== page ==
TALLINN (Reuters) - Estonia joined the euro zone as its newest member on Saturday, but the currency club’s deepening crisis is likely to put off bigger eastern European entrants from joining for up to a decade.
The small Baltic state of 1.3 million became the 17th euro zone country at midnight, beginning a switch from the kroon, and was the first former Soviet state to adopt the euro.
Prime Minister Andrus Ansip was the first to take euros out of a specially installed cash machine outside a theater where a ball had been held to celebrate the switchover and the New Year.
“It is a small step for the euro zone and a big step for Estonia,” he said, holding the euro notes.
Estonia sees changing to the euro as marking the end of its struggles since a 2009 recession lopped 14 percent off its output. It hopes to entice investors by removing any fears of devaluation and make borrowing more secure for its people, many of whose mortgages are already in euros.
It also caps a drive for integration with the West, away from the influence of Russia, that began with the collapse of the Soviet Union in 1991.
With a similar history, neighbors Latvia and Lithuania hope to adopt the euro in 2014 and have also had their currencies pegged to the euro for years.
However, the attitude to euro adoption is more skeptical in Poland, Hungary and other eastern European EU states.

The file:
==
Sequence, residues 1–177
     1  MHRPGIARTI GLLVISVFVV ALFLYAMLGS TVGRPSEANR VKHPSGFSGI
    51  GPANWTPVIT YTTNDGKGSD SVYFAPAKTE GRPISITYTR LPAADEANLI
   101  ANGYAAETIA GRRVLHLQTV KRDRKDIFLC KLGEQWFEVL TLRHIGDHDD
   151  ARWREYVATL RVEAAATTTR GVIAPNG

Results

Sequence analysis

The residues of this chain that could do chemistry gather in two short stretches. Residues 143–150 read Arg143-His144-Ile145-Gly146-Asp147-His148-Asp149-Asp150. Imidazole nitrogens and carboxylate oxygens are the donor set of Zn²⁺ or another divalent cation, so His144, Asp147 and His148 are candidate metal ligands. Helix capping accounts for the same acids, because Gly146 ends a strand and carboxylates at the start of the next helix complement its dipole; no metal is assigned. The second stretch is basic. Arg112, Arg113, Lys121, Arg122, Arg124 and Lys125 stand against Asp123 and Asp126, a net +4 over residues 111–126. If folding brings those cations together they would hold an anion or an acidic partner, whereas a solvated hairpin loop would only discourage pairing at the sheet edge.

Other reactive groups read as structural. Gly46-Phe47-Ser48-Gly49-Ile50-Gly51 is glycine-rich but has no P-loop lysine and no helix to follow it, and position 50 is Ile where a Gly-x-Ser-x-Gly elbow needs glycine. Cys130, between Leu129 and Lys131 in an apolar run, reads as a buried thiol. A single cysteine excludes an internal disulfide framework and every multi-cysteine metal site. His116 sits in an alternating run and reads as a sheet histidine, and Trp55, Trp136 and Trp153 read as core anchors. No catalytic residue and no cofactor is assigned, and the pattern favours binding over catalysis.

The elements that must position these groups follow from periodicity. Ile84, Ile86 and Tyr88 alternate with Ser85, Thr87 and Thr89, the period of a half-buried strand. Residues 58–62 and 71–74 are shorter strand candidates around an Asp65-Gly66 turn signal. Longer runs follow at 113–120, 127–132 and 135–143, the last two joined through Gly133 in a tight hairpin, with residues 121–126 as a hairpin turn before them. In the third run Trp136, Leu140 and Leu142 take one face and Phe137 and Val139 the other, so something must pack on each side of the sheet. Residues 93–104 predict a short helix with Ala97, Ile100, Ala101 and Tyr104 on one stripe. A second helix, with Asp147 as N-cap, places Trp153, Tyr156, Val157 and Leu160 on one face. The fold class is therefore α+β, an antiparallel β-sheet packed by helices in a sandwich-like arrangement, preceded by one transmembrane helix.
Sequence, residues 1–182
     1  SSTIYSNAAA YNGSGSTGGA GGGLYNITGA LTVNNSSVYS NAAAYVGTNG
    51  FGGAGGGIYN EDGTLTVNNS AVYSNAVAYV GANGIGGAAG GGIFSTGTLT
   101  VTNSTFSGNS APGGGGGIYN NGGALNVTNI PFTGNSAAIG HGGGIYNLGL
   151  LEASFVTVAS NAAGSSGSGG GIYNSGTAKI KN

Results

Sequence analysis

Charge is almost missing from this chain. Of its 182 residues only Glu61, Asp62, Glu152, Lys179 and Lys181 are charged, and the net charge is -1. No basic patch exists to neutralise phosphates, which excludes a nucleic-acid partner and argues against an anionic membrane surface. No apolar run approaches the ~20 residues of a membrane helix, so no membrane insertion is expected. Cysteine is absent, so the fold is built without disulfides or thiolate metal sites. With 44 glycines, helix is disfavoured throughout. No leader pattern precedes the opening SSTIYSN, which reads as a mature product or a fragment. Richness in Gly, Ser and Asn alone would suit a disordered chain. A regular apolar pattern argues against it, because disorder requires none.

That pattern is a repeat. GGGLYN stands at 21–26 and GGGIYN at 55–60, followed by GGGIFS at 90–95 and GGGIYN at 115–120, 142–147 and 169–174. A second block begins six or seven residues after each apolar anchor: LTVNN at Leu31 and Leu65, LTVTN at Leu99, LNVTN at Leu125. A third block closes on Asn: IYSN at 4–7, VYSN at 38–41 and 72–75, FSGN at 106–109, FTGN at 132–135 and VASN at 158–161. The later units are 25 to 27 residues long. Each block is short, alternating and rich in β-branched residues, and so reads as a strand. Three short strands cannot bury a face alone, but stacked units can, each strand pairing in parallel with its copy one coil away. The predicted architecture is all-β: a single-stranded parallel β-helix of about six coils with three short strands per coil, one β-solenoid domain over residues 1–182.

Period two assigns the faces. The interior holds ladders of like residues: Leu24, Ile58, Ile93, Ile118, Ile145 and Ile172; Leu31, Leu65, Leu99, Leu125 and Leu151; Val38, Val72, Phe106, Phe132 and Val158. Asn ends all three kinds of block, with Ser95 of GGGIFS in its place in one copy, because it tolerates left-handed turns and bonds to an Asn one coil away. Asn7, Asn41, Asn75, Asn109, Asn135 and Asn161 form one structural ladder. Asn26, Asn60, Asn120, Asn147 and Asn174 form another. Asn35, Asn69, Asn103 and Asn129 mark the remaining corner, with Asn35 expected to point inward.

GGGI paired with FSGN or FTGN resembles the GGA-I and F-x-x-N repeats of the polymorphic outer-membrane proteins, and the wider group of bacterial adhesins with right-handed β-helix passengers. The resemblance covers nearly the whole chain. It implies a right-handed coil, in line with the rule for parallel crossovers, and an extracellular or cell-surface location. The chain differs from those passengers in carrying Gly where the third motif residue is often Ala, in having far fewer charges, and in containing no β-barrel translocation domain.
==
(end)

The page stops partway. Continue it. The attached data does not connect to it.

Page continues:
These countries have all promised to join the euro zone one day but want to see how the debt problems of Ireland, Greece, Spain and Portugal are solved.
They also fear that losing the flexibility of their exchange rates will make them less competitive and less able to withstand financial ructions.
The debt crisis has also undermined the idea that being a euro zone member guarantees lower borrowing costs.
Polish central bank governor Marek Belka, who has said there more risks in the euro zone than out of it, repeated his skepticism to tabloid newspaper Super Express.
He said Poland would join when there was “order” in the euro zone. “In the euro zone there are dramatic things happening, so why rush?” he said.
Czech Prime Minister Petr Necas has said the euro would not be to the country’s advantage for a long time.
Economists say the larger eastern European nations may now not join before 2019-2020.
Chancellor Angela Merkel, however, reiterated Germany’s commitment to the single currency in a new year address.
“The euro is the foundation of our prosperity,” she said. “Germany needs Europe and our common currency... We Germans assume our responsibility, even when it is sometimes very hard.”
French President Nicolas Sarkozy was also firm:
“Don’t believe, dear compatriots, those who suggest that we should leave the euro...The end of the euro would be the end of Europe,” he said in a televised New Year address.
Additional reporting by Patrick Lannin in Stockholm; Editing by Patrick Graham, Lin Noueihed and Padraic Cassidy